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6498 School Watch Development- Regulateur Complication Prototype

We had now covered the majority of our exam preparation, with the exam not until October and the first year almost coming to a close, we got the chance to do a bit more work on our school watches. The second year of the course is much more demanding especially to begin with as we cover things like hairsprings so I wanted to get the most time consuming parts of my watch done.

As you will have seen in my previous posts, I planned to build a watch with a regulateur complication but so far the idea was only in my head and on a few scraps of paper. I needed to build a functioning prototype, not just to check it worked ok but also to find the best way of producing all the components. I was confident that my idea would function and seeing it come to life would be a fantastic feeling.

My first task was to create the gears that would turn the mainsprings energy into a hand on the watch the does one complete rotation every 12 hours. The 6498 has a 6 o’clock sub dial displaying the running seconds so I wanted my sub dial displaying hours to be at 12 o’clock to keep things symmetrical. My finished watch would then display hours in the 12 o’clock sundial, minutes around the outer edge of the dial as normal and the seconds in a 6 o’clock sub dial.

In a watch the hour wheel turns once every 12 hours so my task was transmit this speed of rotation from the centre of the watch to the a position at 12 o’clock mirroring the 6 o’clock sub dial. The easiest solution I came up with was to create a gear train consisting entirely of hour wheels albeit modified ones. This way I would retain the turning ratio of the standard hour wheel as all the wheels have the same number of teeth.

Standard 6498 hour wheel…
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To make it work I needed to modify 3 additional hour wheels create the gear train that would turn the hour hand. For the first wheel I turned off the tube and broached out the hole, it was then friction fitted over the standard hour wheel. The idea being to lift the hour wheel above the top of the main plate and allow it to drive the other 2 wheels on top.

The other to wheels needed to be modified to carry pivots in order for them to sit in the main plate and carry the hour hand. I began by again turning off both tubes and broaching out each hole to allow them to carry an arbor with pivots. My next task was to turn to arbors with pivots out of a piece of blued steel. The first arbor would be for the intermediate drive wheel to allow it to sit in the main plate, the size of the pivots for the prototype didn’t really matter so I went for 0.5mm. I have decided to turn a post similar to a minute wheel post for my finished watch to give more stability and negate the need for a pivot hole in my dial.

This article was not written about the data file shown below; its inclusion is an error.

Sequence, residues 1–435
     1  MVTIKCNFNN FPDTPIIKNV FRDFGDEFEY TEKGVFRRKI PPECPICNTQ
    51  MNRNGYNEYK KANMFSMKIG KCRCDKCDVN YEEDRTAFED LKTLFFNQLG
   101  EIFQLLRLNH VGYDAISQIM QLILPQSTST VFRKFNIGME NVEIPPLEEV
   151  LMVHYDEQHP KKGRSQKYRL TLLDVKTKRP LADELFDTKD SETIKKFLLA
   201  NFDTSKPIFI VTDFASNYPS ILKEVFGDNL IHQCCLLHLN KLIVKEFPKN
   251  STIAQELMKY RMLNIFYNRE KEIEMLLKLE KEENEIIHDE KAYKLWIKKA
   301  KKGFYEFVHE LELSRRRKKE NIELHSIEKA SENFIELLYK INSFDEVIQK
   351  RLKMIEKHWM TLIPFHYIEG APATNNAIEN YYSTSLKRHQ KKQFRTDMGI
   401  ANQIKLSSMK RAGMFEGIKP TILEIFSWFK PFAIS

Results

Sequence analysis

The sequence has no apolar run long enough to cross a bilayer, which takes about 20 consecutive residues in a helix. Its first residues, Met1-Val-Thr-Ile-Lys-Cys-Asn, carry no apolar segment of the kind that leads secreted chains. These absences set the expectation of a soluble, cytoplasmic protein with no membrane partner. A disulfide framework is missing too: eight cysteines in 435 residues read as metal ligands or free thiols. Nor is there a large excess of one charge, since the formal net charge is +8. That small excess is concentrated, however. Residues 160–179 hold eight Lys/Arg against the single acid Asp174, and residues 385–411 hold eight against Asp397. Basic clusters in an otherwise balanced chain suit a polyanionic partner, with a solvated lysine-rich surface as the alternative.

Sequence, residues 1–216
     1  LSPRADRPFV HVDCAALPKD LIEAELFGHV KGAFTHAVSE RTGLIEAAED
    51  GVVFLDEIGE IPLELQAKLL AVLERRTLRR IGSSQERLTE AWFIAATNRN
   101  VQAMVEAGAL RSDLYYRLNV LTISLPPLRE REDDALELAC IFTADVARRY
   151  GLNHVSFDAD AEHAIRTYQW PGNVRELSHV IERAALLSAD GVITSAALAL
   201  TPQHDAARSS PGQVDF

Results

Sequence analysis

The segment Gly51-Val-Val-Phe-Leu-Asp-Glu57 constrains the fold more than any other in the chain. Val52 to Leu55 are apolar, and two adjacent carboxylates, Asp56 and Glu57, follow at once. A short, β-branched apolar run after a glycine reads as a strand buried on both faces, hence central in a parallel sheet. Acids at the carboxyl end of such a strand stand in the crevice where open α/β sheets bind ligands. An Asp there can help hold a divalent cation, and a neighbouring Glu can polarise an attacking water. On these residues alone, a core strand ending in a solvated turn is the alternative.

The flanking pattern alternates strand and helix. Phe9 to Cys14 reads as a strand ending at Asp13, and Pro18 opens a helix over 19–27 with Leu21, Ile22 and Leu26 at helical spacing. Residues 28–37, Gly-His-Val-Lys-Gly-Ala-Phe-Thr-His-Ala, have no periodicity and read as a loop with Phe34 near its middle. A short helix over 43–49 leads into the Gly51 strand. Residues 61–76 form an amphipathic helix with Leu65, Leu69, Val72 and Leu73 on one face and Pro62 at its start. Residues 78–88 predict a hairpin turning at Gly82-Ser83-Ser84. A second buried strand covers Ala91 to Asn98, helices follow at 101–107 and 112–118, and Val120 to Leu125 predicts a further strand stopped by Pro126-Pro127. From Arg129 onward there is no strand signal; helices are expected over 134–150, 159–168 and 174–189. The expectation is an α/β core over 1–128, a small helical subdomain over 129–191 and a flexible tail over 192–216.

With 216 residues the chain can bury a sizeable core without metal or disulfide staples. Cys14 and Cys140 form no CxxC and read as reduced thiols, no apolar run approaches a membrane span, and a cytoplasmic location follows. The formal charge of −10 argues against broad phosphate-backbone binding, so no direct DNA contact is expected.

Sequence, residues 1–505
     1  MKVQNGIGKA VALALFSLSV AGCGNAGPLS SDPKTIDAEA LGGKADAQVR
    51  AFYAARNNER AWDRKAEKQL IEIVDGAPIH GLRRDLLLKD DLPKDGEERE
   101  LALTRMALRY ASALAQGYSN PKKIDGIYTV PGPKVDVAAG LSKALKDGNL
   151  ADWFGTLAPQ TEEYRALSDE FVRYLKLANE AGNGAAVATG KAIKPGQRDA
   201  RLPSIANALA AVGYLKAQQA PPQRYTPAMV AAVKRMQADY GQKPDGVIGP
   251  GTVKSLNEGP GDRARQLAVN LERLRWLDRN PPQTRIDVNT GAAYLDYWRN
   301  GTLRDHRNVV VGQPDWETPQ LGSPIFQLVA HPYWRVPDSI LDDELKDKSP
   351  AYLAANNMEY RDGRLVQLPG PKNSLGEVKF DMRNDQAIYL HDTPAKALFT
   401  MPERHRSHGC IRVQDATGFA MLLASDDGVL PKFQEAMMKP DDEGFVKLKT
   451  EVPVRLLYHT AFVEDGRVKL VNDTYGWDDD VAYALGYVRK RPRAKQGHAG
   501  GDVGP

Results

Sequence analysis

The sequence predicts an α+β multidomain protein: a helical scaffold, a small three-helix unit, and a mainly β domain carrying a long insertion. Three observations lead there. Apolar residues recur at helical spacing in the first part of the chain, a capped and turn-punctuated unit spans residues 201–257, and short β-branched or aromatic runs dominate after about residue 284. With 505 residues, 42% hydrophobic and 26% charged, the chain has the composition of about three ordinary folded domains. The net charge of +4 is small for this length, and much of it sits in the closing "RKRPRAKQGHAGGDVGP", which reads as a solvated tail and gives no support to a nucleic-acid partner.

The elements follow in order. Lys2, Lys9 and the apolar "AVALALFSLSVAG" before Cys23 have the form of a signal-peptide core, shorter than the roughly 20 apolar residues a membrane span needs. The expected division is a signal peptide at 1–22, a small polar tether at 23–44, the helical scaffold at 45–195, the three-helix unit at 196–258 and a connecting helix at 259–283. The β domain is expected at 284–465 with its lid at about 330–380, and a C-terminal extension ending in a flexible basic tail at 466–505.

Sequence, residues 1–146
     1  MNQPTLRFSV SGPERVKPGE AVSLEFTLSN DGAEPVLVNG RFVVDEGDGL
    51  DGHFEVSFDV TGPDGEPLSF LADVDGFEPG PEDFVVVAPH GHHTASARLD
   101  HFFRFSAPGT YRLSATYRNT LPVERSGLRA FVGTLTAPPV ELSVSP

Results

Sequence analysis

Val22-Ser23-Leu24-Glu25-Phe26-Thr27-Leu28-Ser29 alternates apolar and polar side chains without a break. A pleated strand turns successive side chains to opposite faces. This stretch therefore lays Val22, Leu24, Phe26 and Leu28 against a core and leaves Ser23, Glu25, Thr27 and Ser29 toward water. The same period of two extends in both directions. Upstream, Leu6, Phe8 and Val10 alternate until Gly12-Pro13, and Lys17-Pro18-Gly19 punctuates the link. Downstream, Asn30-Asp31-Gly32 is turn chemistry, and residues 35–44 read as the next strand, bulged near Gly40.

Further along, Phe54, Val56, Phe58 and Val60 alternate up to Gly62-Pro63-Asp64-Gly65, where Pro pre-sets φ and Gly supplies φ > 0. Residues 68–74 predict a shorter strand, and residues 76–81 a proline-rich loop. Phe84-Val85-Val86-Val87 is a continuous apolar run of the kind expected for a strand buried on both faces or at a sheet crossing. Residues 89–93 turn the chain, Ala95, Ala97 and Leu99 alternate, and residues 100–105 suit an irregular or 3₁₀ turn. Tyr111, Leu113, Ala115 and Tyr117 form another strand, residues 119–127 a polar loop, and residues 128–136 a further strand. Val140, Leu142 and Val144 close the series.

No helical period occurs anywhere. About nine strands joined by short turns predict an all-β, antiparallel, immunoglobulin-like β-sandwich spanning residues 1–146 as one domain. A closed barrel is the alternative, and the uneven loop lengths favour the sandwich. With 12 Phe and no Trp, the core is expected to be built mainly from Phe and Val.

Intermediate hour wheel…
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The second wheel I modified would carry the hour hand so the top pivot diameter and length needed to match that of the fourth wheel, which carries the second-hand, so I could utilise a standard ETA hand. The bottom pivot was once again made to 0.5mm as this was just a prototype. The arbor on both wheels was made slightly thicker than the hour wheel and friction fitted into the centre of the wheel using a Horia jeweling tool.

Hour wheel that will carry the hand…
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The next job was to drill the holes in the main plate to accommodate the wheels, I used a deputing tool to measure the distance from the centre jewel to the fourth wheel jewel, this allowed me to precisely position the 12 o’clock sub dial so it was a mirror image of the 6 o’clock one. This hole was then drilled and the wheel carrying the hour hand fitted in position, I could then position the hole for the intermediate wheel so that the teeth meshed correctly with the other two wheels. This was then drilled and all the wheels put in position.

Here are the results…
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I didn’t quite get the teeth of the intermediate hour wheel and the standard hour wheel to mesh deep enough but it will allow the prototype to function and can be rectified when I produce my actual watch. With all the wheels in position and turning each other as planned, I decided to assemble a complete 6498 and check everything was working correctly with the watch running.

Assembled and ready to test…
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Hands all fitted…
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Thankfully everything ran smoothly and the time could be adjusted accurately in the handset position, to say I was pleased would be an understatement. Its an amazing feeling to see an idea become a reality and before I started the course, I could never have imagined that I would be able to produce something like this. It just shows that anything is possible if you put your mind to it and put the hard work in. All I have to do now is recreate everything with a few minor improvements and with better precision and I will have a finished watch with a complication.

Instead of just producing a bridge, I’m going to produce a dial and bridge combined from a single piece of brass and this will be my next task to complete before we finish for the summer break. After the brilliant result of this prototype, I’m very much looking forward to the challenge.

A few videos that show the prototype in action…

Posted in The British School of Watchmaking and tagged , , , , .